A 26-year-old woman presented with a dull-aching, holocranial, continuous headache with superimposed episodes of early-morning aggravations and vomiting for 4 weeks, followed 2 weeks later, by gradually progressive deterioration of vision in both the eyes. She did not have any history of fever, trauma, ear discharge, prolonged drug intake, recent vaccination, migraine, epilepsy, joint pains or swelling, rash, Raynaud's phenomenon, or weight loss. She had bilateral papilledema, with visual acuity of 6/60 in both the eyes. Neurological assessment, including her mental state examination and motor–sensory examinations were normal. There were no signs of meningeal irritation. Her blood tests including the hemogram, liver function tests, renal function tests, blood sugar–fasting and postprandial, thyroid function tests, cortisol levels, ELISA (enzyme-linked immunosorbent assay) for HIV (human immunodeficiency virus), serum antinuclear antibody, chest X-ray, and electrocardiogram were normal. MRI of the brain showed the empty sella sign and a T2/FLAIR hyperintensity, with diffusion restriction in the splenium of the corpus callosum [Figure 1]. Her MR venography was normal. The lumbar puncture revealed a cerebrospinal fluid (CSF) pressure of 250 mm H2O, 15 mononuclear cells, and normal sugar (88 mg/dl) and protein (29 mg/dl) levels. Gram staining, Ziehl–Neelsen staining, India ink preparation, and culture-sensitivity examination of the CSF were normal. The diagnosis of idiopathic intracranial hypertension was made in view of bilateral papilledema, normal neurological examination except for visual impairment, normal neuroimaging of the brain, elevated CSF pressure, and normal CSF protein, glucose, and microbiological examination.[1] The patient underwent an urgent bilateral optic nerve fenestration. After the procedure, she recovered her normal visual acuity in the right eye, with only partial recovery of vision in the left eye. Her headache improved immediately after the diagnostic and therapeutic lumbar puncture. She was continued on acetazolamide and given analgesics for controlling her headache. The focal lesion in the splenium had vanished by the time a repeat MRI of the brain had been done on the follow-up visit at approximately 1 month.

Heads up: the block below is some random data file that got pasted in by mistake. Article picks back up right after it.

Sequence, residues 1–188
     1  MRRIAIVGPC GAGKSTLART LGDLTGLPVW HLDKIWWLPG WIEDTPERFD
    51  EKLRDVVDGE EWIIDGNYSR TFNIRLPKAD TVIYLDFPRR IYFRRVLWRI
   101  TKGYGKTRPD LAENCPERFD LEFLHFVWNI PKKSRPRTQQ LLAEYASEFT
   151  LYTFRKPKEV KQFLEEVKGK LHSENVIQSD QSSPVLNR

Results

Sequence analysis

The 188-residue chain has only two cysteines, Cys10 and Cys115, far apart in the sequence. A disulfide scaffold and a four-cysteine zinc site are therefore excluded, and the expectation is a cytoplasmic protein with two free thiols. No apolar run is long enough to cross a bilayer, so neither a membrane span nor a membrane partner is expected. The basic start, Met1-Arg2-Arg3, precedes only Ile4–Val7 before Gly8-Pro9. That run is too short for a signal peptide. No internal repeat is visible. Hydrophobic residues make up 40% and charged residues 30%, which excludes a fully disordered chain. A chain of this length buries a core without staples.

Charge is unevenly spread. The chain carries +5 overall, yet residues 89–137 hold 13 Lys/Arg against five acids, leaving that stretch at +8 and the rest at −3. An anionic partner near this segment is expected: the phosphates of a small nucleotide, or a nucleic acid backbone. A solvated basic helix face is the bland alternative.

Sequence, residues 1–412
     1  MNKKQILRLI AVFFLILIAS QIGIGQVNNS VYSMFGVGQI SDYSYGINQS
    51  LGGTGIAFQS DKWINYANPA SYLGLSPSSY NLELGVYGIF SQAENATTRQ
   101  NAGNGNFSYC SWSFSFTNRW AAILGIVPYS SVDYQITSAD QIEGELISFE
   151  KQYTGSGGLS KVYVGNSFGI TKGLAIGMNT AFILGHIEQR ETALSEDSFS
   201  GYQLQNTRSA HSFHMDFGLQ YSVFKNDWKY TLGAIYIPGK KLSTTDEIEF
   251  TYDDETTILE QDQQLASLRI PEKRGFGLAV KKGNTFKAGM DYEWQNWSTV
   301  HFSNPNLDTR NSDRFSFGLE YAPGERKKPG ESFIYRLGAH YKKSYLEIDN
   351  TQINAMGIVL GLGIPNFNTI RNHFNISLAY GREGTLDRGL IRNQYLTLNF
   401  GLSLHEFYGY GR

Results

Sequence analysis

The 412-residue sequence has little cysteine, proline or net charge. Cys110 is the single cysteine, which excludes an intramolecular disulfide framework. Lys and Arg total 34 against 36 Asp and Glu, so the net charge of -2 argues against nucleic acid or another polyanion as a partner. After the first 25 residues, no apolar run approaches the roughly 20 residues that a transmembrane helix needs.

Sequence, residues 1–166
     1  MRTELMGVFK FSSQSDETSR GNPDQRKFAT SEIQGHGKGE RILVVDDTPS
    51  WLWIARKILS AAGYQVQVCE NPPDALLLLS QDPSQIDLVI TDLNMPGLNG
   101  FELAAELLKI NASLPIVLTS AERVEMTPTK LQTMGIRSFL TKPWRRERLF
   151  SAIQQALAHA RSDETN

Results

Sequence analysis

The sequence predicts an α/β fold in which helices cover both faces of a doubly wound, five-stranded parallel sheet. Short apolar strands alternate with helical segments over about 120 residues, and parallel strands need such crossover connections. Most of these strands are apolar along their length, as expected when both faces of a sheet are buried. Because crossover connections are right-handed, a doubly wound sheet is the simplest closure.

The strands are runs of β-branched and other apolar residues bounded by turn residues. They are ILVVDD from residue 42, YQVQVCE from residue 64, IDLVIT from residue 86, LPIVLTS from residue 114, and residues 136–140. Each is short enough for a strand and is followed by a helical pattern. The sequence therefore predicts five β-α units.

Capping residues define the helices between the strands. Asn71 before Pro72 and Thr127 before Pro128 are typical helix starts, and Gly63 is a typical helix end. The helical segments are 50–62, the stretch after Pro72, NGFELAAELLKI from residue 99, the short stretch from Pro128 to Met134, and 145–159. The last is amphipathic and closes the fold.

Figure 1: Brain MRI (a: T2-weighted; b: FLAIR; and c and d: diffusion-weighted) images showing a hyperintense lesion in the splenium of the corpus callosum (the ′boomerang′ sign) marked with arrows